The current lava dome has been in place since the last explosive event occurred on the morning of April 4th. For most of this time it grew at a rate that was easily noticed and measured using a combination of satellite- aircraft- and ground-based imaging systems. The growth was accompanied by morphologic changes, frequent rockfall, and cracking of the outer cool skin, exposing incandescent viscous lava. By June 9th effusion of magma had slowed at least to the point that we are unable to detect any further growth, and may have stopped. As of this writing there have been 87 days of uninterrupted growth. This contrasts with a maximum of 36 days of dome growth between significant explosive events in 1990, apart from the final 1990 dome, which was stable for nearly 19 years and was destroyed at the onset of the current eruption.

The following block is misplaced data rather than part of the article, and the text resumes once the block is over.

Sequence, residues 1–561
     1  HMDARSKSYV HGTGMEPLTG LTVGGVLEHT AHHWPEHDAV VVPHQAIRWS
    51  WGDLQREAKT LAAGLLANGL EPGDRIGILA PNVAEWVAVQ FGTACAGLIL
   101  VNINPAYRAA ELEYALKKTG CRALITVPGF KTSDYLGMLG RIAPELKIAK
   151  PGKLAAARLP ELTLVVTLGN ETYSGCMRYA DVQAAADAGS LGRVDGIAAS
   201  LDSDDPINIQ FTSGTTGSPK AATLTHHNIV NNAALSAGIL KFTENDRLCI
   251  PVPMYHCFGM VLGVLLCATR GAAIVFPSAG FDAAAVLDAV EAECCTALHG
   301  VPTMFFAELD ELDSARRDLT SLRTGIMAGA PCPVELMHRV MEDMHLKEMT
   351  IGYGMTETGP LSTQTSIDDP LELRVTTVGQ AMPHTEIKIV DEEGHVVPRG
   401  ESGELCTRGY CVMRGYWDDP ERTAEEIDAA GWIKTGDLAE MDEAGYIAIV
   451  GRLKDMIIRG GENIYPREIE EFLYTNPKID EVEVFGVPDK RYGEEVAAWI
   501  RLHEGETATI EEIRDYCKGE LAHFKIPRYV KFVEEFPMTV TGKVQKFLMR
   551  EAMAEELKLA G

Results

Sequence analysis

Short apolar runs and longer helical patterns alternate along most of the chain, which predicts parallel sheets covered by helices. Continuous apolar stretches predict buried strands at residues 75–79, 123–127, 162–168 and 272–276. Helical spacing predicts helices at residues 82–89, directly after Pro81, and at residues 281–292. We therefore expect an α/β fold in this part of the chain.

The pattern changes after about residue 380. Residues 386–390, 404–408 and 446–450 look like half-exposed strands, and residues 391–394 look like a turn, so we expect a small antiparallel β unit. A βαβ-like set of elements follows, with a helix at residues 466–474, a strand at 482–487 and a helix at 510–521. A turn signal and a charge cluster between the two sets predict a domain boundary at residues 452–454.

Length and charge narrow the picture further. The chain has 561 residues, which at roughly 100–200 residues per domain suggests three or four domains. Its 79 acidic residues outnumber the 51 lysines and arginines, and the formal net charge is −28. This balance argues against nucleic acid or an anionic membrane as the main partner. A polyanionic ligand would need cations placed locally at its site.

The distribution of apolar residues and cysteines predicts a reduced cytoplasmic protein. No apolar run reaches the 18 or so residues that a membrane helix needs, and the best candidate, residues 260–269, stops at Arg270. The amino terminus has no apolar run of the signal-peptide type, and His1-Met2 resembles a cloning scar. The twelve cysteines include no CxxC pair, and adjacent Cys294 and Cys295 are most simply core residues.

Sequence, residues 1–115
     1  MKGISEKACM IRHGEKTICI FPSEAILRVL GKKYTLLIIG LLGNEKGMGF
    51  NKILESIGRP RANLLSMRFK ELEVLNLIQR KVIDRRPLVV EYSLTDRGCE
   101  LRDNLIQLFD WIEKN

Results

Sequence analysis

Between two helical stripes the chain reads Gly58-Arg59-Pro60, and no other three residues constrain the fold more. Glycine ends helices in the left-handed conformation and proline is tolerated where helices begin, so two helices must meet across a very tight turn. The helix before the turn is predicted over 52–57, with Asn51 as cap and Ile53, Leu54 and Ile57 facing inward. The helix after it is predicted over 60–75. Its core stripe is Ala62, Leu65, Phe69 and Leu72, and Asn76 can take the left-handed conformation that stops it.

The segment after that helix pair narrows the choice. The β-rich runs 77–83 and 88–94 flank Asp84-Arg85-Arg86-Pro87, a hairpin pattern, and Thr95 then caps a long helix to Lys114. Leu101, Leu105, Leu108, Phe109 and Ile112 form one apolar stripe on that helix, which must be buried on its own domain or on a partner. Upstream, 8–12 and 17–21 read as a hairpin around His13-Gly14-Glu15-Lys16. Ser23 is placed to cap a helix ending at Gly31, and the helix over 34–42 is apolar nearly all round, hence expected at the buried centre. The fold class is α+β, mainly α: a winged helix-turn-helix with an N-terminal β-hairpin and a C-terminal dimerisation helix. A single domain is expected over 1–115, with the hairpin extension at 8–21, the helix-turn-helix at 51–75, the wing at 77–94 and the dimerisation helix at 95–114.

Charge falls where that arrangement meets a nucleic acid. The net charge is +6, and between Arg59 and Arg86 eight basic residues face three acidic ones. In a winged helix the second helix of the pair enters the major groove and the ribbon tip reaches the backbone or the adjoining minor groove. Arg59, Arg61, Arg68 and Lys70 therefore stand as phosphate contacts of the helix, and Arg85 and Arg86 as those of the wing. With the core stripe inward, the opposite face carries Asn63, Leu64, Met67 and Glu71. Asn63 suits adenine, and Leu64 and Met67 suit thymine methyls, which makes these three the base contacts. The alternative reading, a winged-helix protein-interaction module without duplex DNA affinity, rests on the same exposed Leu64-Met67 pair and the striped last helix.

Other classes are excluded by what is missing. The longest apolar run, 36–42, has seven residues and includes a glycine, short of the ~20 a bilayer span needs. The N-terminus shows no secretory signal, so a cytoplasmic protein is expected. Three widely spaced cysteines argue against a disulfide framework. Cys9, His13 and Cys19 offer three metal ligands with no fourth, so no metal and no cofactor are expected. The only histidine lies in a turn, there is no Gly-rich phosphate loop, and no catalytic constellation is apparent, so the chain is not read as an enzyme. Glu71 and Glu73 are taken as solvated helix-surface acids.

Declining seismicity and gas emissions also indicate a decline or cessation of eruption. Based on our current observations at Redoubt volcano, and understanding of prior eruptions, AVO considers the following future scenarios as possible:

1) Continued decline in seismicity and gas emissions with no measureable output of lava leading to an end of the eruption and a return to background.
2) Renewed explosive activity triggered by sealing of the conduit and the resulting buildup of gas overpressure, or as a result of fresh magma ascending into the shallow conduit beneath Redoubt.
3) Renewed lava dome growth, caused by increase in magma extrusion rate.